This past weekend, China’s CCP Congress ended with announcing the new lineup of the Party’s 205-member Central Committee, 24-member Politburo and the most powerful seven-member Politburo Standing Committee, which is basically like a presidential cabinet. These three groups are responsible for making policy decisions and essentially overseeing how China is run for the next five years.
But this year is different. Did you notice that the newest Politburo is packed with only men? Breaking with tradition, this is the first time in 25 years that no woman is serving on the second most powerful committee.
The sole female on the last Politburo, Sun Chunlan, was the COVID czar. However, Sun has stepped down, having exceeded the usual retirement age. Although two women were pegged to be her potential successors, they instead ended up on the larger Central Committee, where women took just 11 of 205 seats. Although this is the first time there’s been no female representation since 1997, only eight women have ever made it onto China’s Politburo, and several of them were the wives of top leaders. No women have yet served on the Standing Committee.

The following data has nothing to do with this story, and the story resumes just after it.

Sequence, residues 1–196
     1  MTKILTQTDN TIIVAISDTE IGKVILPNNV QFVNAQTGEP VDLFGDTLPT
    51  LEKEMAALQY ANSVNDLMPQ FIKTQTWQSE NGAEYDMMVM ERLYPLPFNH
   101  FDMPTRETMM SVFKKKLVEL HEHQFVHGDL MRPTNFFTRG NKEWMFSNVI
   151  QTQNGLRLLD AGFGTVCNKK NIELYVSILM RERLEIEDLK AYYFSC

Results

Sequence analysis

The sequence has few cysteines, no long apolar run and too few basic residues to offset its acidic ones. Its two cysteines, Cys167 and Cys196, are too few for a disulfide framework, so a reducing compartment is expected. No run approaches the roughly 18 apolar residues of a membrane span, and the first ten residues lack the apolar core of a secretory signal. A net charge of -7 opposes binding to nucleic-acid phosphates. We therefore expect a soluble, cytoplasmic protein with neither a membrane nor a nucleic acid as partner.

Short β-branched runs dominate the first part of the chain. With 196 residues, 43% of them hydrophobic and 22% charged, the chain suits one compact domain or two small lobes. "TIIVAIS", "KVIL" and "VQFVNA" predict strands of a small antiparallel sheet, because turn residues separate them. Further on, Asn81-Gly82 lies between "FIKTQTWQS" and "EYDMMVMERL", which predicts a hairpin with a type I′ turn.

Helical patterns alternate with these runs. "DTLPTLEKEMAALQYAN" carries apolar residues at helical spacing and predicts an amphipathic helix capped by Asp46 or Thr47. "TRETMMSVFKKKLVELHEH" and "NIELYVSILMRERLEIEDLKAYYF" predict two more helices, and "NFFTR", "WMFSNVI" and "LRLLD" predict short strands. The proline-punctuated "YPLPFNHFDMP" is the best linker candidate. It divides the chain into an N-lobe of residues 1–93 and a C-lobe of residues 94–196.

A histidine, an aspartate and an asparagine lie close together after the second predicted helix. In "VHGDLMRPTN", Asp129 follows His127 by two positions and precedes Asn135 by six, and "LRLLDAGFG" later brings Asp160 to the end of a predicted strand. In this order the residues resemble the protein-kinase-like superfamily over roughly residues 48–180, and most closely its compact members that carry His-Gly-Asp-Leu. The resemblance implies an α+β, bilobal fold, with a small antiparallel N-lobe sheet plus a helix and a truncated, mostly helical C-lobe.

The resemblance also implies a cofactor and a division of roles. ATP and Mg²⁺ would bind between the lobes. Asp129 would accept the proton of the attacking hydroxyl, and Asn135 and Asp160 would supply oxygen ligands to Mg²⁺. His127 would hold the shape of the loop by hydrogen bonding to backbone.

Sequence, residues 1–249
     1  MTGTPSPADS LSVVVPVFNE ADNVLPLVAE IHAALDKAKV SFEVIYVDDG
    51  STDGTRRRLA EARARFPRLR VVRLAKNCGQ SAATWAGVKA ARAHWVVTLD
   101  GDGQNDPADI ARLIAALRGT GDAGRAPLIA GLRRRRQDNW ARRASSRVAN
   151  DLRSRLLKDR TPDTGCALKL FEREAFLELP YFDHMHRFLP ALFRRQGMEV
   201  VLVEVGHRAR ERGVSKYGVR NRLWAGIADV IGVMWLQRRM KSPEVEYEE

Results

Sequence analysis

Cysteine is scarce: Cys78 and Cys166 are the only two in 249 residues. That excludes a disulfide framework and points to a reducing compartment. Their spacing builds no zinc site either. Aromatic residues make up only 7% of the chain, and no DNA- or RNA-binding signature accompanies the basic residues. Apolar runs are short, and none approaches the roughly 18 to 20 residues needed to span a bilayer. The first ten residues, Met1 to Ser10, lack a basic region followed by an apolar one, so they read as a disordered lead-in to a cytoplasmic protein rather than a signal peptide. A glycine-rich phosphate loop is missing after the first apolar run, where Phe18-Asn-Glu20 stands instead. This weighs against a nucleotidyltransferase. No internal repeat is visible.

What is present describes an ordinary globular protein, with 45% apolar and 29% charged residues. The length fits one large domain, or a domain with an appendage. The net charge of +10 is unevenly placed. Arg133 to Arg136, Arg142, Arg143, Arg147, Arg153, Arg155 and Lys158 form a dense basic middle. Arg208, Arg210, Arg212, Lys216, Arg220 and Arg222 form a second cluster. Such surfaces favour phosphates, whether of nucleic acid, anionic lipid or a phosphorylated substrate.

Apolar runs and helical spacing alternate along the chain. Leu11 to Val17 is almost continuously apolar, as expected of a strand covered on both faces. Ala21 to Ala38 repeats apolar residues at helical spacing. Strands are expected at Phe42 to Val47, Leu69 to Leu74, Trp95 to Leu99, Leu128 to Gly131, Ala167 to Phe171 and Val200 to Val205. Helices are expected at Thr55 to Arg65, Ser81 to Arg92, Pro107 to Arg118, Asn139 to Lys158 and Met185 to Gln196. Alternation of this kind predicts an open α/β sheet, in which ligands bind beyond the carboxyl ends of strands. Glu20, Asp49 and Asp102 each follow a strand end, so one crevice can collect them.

“We will remain committed to the fundamental national policy of gender equality, protect the lawful rights and interests of women and children and promote all around development initiatives for people with disabilities,” President Xi said at the opening of the 20th CCP Congress.
“This suggests Xi is far more interested in consolidating his power base by staffing the Politburo with his protégés and supporters than giving female representation,” said Lynette Ong, professor of political science and China scholar at the University of Toronto. “China has taken a step backward in advancing women’s political representation and rights,”
“There is no hard and fast rule that obliges the party to appoint a female member,” said Valarie Tan, an analyst at the Berlin-based Mercator Institute for China Studies. “The Chinese Communist Party’s commitment to women’s rights I think is more like a commitment to advance women’s economic rights,” said Minglu Chen, a senior lecturer at the University of Sydney. “It’s really about: ‘women should join the paid labor force.'”
“The CCP is still quite traditional when it comes to women at the very top. Recent crackdowns on feminist activists have further signalled a more traditionalist and conservative line,” said Mary Gallagher, professor of democracy, democratization and human rights at the University of Michigan.